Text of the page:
Thousands of people rallied late Monday in U.S. cities including Los Angeles and New York to passionately but peacefully protest a grand jury's decision not to indict a white police officer who killed a black 18-year-old in Ferguson, Missouri. They led marches, waved signs and shouted chants of "hands up, don't shoot," the refrain that has become a rallying cry in protests over police killings across the country. The most disruptive demonstrations were in St. Louis and Oakland, California, where protesters flooded the lanes of freeways, milling about stopped cars with their hands raised in the air. Police departments in several major cities braced for large demonstrations with the potential for the kind of violence that marred nightly protests in Ferguson after Brown's killing. Demonstrators there vandalized police cars and buildings, hugged barricades and taunted officers with expletives Monday night while police fired smoke canisters and tear gas. Gunshots were heard on the streets and fires raged. As the night wore on, dozens of protesters in Oakland got around police and blocked traffic on Interstate 580. Officers in cars and on motorcycles were able to corral the protesters and cleared the highway in one area, but another group soon entered the traffic lanes a short distance away. Police didn't immediately report any arrests. In Seattle, marching demonstrators stopped periodically to sit or lie down in city intersections, blocking traffic before moving on, as dozens of police officers watched. After hours of marching peacefully, protesters also hurled canned food, bottles and rocks, police said. Five people were arrested. In New York, the family of Eric Garner, a Staten Island man killed by a police chokehold earlier this year, joined the Rev. Al Sharpton at a speech in Harlem lamenting the grand jury's decision. Later, several hundred people who had gathered in Manhattan's Union Square marched peacefully to Times Square. In Los Angeles about 100 people gathered in Leimert Park, and a group of religious leaders held a small news conference demanding changes in police policies. A group of about 200 demonstrators marched toward downtown. After midnight, about 100 police officers wearing riot gear fired hard foam projectiles into the ground to disperse about 50 protesters on Pico Boulevard in downtown Los Angeles, the Los Angeles Times reported. Chris Manor, with Utah Against Police Brutality, helped organize an event in Salt Lake City that attracted about 35 people. associatedpress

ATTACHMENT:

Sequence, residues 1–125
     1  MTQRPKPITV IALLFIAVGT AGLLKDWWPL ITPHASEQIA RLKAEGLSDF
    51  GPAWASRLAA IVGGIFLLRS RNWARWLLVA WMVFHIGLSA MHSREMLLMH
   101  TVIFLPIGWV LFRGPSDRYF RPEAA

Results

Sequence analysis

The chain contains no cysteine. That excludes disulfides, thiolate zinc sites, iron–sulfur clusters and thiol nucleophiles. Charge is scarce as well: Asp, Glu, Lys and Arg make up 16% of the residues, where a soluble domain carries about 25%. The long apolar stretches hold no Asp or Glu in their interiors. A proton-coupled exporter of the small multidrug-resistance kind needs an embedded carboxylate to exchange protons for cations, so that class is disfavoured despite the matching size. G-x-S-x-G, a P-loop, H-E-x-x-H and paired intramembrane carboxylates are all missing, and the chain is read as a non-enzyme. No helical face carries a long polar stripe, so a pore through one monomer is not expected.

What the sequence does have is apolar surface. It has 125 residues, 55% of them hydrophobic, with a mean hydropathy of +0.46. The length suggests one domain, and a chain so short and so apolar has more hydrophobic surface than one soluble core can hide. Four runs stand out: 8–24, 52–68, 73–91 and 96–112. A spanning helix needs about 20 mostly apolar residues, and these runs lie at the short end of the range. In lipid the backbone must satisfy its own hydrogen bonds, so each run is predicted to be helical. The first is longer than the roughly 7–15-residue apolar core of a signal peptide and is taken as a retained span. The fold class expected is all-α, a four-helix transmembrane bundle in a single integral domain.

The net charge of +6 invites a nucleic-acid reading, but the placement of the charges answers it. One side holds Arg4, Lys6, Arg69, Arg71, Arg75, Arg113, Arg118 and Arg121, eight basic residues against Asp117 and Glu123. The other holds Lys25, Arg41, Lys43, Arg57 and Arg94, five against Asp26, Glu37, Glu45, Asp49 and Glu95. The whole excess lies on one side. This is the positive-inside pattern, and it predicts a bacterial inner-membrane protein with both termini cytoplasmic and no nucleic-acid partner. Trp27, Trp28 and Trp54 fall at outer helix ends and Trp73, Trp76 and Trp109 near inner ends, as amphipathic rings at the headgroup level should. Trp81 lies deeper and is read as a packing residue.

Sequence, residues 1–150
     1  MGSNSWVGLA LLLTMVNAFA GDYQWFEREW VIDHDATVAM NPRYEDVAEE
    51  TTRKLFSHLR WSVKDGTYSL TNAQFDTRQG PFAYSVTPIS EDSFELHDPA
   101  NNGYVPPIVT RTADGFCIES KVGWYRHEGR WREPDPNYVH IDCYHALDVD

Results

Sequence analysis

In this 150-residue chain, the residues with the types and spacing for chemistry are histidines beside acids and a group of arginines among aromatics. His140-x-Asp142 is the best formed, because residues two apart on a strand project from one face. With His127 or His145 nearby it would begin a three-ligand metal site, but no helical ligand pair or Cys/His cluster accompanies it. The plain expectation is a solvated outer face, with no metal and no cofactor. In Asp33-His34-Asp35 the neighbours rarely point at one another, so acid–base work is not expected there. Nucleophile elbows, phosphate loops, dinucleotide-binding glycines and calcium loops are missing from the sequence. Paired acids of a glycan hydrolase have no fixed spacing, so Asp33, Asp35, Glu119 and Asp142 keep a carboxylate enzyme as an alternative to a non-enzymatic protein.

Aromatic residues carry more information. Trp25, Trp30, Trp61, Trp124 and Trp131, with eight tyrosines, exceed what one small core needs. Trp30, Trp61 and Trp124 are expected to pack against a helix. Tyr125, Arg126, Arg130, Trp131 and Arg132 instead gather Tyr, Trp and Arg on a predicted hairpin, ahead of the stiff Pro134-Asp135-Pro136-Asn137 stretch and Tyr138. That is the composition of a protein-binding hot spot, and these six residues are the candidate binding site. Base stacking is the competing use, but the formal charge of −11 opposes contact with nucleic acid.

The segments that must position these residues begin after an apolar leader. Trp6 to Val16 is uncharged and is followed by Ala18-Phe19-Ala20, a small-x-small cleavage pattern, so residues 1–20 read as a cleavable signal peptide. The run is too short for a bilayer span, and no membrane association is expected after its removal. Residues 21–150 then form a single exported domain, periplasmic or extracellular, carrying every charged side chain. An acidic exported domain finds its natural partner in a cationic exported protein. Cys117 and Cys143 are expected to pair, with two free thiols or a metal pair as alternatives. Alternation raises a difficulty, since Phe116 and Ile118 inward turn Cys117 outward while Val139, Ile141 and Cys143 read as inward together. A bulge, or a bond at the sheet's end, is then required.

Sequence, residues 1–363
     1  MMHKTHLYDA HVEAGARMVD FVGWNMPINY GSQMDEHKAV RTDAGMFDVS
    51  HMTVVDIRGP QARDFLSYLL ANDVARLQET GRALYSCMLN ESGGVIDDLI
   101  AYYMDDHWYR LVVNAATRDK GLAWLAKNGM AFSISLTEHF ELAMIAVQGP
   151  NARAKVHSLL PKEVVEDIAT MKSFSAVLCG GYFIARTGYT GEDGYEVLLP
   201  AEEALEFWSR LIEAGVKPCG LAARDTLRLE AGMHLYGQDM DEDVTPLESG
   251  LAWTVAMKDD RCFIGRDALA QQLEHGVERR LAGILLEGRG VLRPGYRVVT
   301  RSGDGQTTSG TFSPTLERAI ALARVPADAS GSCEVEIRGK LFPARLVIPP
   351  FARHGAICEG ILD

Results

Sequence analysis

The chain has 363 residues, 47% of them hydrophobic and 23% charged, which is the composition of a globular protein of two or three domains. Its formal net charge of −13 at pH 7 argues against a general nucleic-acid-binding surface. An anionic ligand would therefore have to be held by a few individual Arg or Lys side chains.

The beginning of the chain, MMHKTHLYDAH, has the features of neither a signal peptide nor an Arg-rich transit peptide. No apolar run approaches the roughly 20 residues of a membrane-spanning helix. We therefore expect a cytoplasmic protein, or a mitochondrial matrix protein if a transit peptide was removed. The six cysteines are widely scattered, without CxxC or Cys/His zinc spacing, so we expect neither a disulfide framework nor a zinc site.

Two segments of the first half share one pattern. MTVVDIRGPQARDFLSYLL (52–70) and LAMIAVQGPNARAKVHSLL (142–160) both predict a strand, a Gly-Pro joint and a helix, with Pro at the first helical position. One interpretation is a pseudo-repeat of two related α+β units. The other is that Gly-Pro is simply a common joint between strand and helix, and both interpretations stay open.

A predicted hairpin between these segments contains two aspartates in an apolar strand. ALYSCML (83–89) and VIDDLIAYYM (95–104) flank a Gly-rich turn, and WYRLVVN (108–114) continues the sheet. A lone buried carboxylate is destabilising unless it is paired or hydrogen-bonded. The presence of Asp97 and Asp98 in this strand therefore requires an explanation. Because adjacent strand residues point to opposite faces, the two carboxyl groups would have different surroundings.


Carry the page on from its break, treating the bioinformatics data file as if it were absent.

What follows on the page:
Hundreds march in NYC to protest Ferguson decision
Protestors gathered in Union Square and Times Square Monday night after a grand jury decided not to indict a police officer for shooting an unarmed African-American teen in Ferguson, Mo. The protesters gathered in Union Square Monday night when it was announced that officer Darren Wilson would not be indicted in the death of Michael Brown. They chanted "hands up, don't shoot" while holding up signs saying "Black lives matter" and "jail killer cops." The protesters then swarmed through traffic, closely trailed by police officers, as they marched up to Times Square where they held a rally. Police said that protesters briefly shut down the Triborough and Brooklyn bridges. One person was in custody for tossing some kind of red liquid that splattered Police Commissioner William Bratton slightly as he walked in Times Square, police said. With the death of a man last week in a New York city housing project at the hands of a police officer, Mr. Sharpton said, "Let it be clear that we are dealing with the same attitudes of Ferguson right here in the city. Ferguson is not just in Missouri." "We can lose a round, but the fight is not over," Mr. Sharpton said.

NYPD Commissioner Bill Bratton Spattered With Red Paint Amid NYC Ferguson Protests  New York City Police Commissioner Bill Bratton was spattered with what appeared to be red paint Monday as protesters flooded Times Square to protest a Ferguson, Missouri, grand jury's decision not to indict the police officer who fatally shot Michael Brown earlier this year. More than a thousand protesters marched throughout the city, with groups temporarily shutting down the Brooklyn and Robert F. Kennedy bridges. The paint tossing resulted in the only arrest reported during the protests in New York City following the announcement of the grand jury's decision not to indict Ferguson Police Officer Darren Wilson in Brown's death.